Blood levels of CRP -- C-reactive protein -- rise when there is inflammation in the body. Chronic inflammation plays a major role in heart disease, and increased CRP levels are linked to increased risk of heart disease.
But a huge international genetic study now confirms earlier reports that CRP itself does not cause heart disease. The study shows that people whose genes cause them to make more- or less-than-normal amounts of CRP do not have more or less heart disease.
Thus CRP-lowering drugs now under development "are unlikely to be fruitful," conclude study researchers Paul Elliott, FRCP, of Imperial College, London, and colleagues.
Another new study shows that increased levels of CRP do mean a statistically increased risk of heart disease. But the increased risk is marginal and adds very little, if anything, to more traditional markers of heart disease risk.
The study, by Olle Melander, MD, PhD, of Lund University in Malmo, Sweden, and colleagues followed more than 5,000 people for nearly 13 years. At the time the study began, participants' average age was 58 and they were free of heart disease.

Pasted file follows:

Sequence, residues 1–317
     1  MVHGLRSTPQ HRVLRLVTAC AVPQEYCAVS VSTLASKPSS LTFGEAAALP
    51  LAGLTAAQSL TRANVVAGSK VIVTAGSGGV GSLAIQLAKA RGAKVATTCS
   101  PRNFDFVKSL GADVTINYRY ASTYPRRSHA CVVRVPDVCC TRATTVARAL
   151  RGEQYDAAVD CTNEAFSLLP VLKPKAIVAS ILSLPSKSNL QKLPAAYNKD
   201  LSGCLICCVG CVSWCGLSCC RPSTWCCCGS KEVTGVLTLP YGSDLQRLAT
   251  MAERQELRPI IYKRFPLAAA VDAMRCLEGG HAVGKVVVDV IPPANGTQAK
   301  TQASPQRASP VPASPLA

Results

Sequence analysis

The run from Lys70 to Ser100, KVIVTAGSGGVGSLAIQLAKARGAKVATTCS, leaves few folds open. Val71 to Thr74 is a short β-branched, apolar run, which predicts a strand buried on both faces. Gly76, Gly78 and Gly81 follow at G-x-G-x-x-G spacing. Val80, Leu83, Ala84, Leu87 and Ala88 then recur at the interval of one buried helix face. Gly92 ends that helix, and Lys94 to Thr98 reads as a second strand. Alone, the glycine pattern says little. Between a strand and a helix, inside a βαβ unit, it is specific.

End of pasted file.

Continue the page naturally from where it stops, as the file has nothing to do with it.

Melander and colleagues concluded that while CRP and other "biomarkers" of heart risk may be statistically significant, they are not always clinically meaningful.
"In the future, better biomarkers and more creative strategies for combining them will be needed," suggest Svati H. Shah, MD, of Duke University and James A. de Lemos, MD, of the University of Texas Southwest Medical Center, in an editorial accompanying the two studies.
The editorial, and the Melander and Elliott studies, appear in the July 1 issue of The Journal of the American Medical Association.